“I believe I can make a strong contribution to Team Finland, as I am used to working in a role that involves more than just the Ministry for Foreign Affairs. I know how to navigate these kinds of networks and get things done,” Huusko adds.
The sales-oriented part of the job will see Huusko participate in sales promotion trips with key ministers. In late September, Huusko was part of a Team Finland trip to Egypt, led by Minister for Foreign Trade and Development Kai Mykkänen. In early October, she will travel to Saudi Arabia and the United Arab Emirates with a delegation led by Minister of Education and Culture Sanni Grahn-Laasonen.
“Sales promotion trips open doors for Finnish companies abroad and strengthen confidence among foreign parties. To put it simply, we show them that the Finnish national administration has confidence in these companies, so you should too,” Huusko explains.
Interaction and successful business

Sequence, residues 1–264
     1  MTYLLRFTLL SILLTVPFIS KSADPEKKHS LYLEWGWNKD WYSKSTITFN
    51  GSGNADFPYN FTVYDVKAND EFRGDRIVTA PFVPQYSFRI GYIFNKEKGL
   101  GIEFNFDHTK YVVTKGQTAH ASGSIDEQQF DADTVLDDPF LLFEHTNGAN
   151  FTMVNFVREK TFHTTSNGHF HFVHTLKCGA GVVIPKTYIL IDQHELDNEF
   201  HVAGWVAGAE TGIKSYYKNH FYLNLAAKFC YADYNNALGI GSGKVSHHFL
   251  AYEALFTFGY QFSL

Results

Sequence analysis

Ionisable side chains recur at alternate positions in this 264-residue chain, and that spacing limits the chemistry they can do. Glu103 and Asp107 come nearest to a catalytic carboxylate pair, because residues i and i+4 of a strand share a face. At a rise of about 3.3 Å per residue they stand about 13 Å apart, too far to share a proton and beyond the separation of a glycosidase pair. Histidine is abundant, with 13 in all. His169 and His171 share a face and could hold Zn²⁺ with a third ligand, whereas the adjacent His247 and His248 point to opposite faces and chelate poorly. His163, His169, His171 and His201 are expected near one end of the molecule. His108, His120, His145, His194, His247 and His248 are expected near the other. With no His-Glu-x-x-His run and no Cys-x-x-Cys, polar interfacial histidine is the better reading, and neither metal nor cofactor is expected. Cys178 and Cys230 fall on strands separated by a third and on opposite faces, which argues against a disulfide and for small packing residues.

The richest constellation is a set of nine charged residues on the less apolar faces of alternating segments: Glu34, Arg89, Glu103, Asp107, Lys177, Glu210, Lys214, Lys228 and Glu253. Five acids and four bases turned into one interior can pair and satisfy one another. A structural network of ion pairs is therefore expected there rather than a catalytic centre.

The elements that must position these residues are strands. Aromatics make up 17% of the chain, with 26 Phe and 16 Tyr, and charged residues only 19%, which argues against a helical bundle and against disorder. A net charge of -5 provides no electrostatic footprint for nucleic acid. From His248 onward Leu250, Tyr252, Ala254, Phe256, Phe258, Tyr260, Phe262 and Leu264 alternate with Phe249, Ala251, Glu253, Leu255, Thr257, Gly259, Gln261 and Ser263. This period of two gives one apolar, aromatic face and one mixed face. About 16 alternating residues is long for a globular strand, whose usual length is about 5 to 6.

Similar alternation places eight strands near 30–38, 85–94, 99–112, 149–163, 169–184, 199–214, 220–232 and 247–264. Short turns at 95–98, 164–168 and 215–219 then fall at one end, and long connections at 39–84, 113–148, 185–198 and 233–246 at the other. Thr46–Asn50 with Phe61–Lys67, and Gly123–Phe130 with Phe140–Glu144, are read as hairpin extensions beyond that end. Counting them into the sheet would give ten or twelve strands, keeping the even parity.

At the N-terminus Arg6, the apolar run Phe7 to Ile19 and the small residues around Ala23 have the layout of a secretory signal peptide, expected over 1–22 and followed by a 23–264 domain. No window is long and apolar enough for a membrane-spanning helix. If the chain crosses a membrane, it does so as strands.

Huusko points out that education export rarely means that you try to directly sell a particular product to a foreign buyer. Rather, the goal is to engage in interaction to understand the needs of the target country.
“Education export is ultimately about improving the level of education through interaction with others,” Huusko says.
This makes education export difficult to define: at what point does international interaction and networking become export, and how much value should be placed on having a Finnish higher education institution involved in high-level networks? This means that education export should not be defined too strictly.
“At the same time, we must not be so naive as to keep helping others out of the goodness of our hearts. After all, the goal is to achieve growth and success in business,” Huusko concludes.
The writer works as a trainee in the Unit for Current Affairs of the Ministry for Foreign Affairs.